humanism

Sebastian Brant and the Ship of Fools

Sebastian Brant and the Ship of Fools

On May 10, 1521, German humanist and satirist Sebastian Brant passed away. He is best known for his book of satire entitled ‘Das Narrenschiff” (The Ship of Fools) published in 1494 in Basel, Switzerland. It is most likely that you might have never heard of Brant nor of his famous book. Anyway, if you continue reading, you won’t regret… “die weltt die will betrogen syn” (The world wants to be betrayed.) – Sebastian…
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Amusing Ourselves to Death by Neil Postman

Amusing Ourselves to Death by Neil Postman

On March 8, 1931, media theorist, author, and cultural critic Neil Postman was born. He is best known for his works criticizing the increase of the role of technology in every human’s life not seeing the dangerous side effects. By the time I was an undergraduate student of computer science, his famous book Amusing Ourselves to Death was brand new and subject of our course “Computer and Society”. “Writing freezes speech and in so doing…
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Pietro Bembo and the Development of the Italian Language

Pietro Bembo and the Development of the Italian Language

On May 20, 1470,  Italian scholar, poet, literary theorist, member of the Knights Hospitaller and cardinal Pietro Bembo was born. Bembo was an influential figure in the development of the Italian language, specifically Tuscan, as a literary medium, codifying the language for standard modern usage. His writings assisted in the 16th-century revival of interest in the works of Petrarch. “Love can only be conquered by flight.” — Pietro Bembo Offspring of a Prestigious…
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Conrad Gessner’s Truly Renaissance Knowledge

Conrad Gessner’s Truly Renaissance Knowledge

On March 26, 1516, Swiss naturalist and bibliographer Conrad Gessner was born. His five-volume Historiae animalium (1551–1558) is considered the beginning of modern zoology, and the flowering plant genus Gesneria is named after him. He is considered as one of the most important natural scientists of Switzerland and was sometimes referred to as the ‘German Pliny‘. The Godson and Protege of Zwingli Conrad Gessner was born and educated in Zürich, Switzerland as the…
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Francisco de Enzinas and the Translation of the New Testament

Francisco de Enzinas and the Translation of the New Testament

On December 30, 1552, classical scholar, translator, author, and Protestant apologist of Spanish origin Francisco de Enzinas, also known by the humanist name Francis Dryander, passed away. De Enzinas was the first to translate the New Testament from Greek to Spanish. Early Years Francisco de Enzinas was born in Burgos, Spain, probably on 1 November 1518, as one of ten children of the successful wool merchant Juan de Enzinas and his wife…
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Giambattista Vico and the Scienza Nuova

Giambattista Vico and the Scienza Nuova

On June 23, 1668, Italian political philosopher, rhetorician, historian, and jurist Giambattista Vico was born. An apologist of classical antiquity, Vico is best known for his magnum opus, the Scienza Nuova of 1725, often published in English as The New Science, in which he attempted to bring about the convergence of history, from the one side, and the more systematic social sciences, from the other, so that their interpenetration could form a single…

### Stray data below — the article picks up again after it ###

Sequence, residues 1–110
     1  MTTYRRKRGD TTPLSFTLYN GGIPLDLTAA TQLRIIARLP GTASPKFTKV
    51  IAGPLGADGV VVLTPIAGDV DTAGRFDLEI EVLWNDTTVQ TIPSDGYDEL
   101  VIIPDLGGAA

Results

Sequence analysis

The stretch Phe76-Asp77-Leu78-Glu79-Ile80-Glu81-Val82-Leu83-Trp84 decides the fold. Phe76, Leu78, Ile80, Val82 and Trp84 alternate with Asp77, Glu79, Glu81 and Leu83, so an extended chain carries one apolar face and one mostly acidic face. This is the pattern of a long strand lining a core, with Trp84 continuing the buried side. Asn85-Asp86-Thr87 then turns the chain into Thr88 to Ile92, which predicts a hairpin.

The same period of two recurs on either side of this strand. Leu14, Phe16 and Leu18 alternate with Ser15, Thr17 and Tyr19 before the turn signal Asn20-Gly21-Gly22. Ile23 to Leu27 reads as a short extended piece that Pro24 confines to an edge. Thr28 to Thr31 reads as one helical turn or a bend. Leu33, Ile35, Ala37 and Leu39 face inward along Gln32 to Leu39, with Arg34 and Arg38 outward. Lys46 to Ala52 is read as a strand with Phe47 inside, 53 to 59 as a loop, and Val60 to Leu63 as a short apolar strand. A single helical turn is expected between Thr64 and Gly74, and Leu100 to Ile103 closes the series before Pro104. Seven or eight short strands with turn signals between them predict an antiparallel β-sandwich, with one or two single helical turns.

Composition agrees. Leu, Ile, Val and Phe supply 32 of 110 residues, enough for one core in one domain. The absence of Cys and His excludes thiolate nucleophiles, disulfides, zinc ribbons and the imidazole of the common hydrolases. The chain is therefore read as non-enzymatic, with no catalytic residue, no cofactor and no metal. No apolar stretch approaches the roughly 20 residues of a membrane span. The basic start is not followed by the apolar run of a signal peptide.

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Conrad Celtis, the first Poeta Laureata

Conrad Celtis, the first Poeta Laureata

On April 18, 1487, German Renaissance humanist scholar and Neo-Latin poet Conrad Celtis was claimed “poeta laureatus“, the prince of poets, the first German to receive this honor by emperor Frederic III at the Imperial Diet in Nuremberg. Conrad Celtis‘ teachings had lasting effects, particularly in the field of history, where he was the first to teach the history of the world as a whole. He is also often referred to as…
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The Poetry of Walt Whitman

The Poetry of Walt Whitman

On May 31, 1819, American poet, essayist and journalist Walt Whitman was born. Whitman is among the most influential poets in the American canon, often called the father of free verse. A humanist, he was a part of the transition between transcendentalism and realism, incorporating both views in his works. “It is a beautiful truth that all men contain something of the artist in them. And perhaps it is the case that…
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Boccaccio and his Decameron

Boccaccio and his Decameron

On December 21, 1375, Italian author, poet, correspondent of Petrarch, and important Renaissance humanist Giovanni Boccaccio passed away. He is best known for his masterpiece ‘The Decameron‘ told as a frame story encompassing 100 tales. You haven’t heart about the ‘Decameron’? You definitely should, simply because it is the masterpiece of European Renaissance literature. It its 100 stories it provides us with an intimate contemporary view into medieval and early Renaissance European…
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Erasmus of Rotterdam – Prince of the Humanists

Erasmus of Rotterdam – Prince of the Humanists

On October 27, 1466,  Dutch Renaissance humanist, Catholic priest, social critic, teacher, and theologian Desiderius Erasmus Roterdamus, also known as Erasmus of Rotterdam was born. He was the dominant figure of the early-16th-century humanist movement. Erasmus was given the best education possible during these years. Along with his older brother, he attended Latin schools where he also learned Greek. He became a priest and secretary to the Bishop of Cambrai before enrolling…
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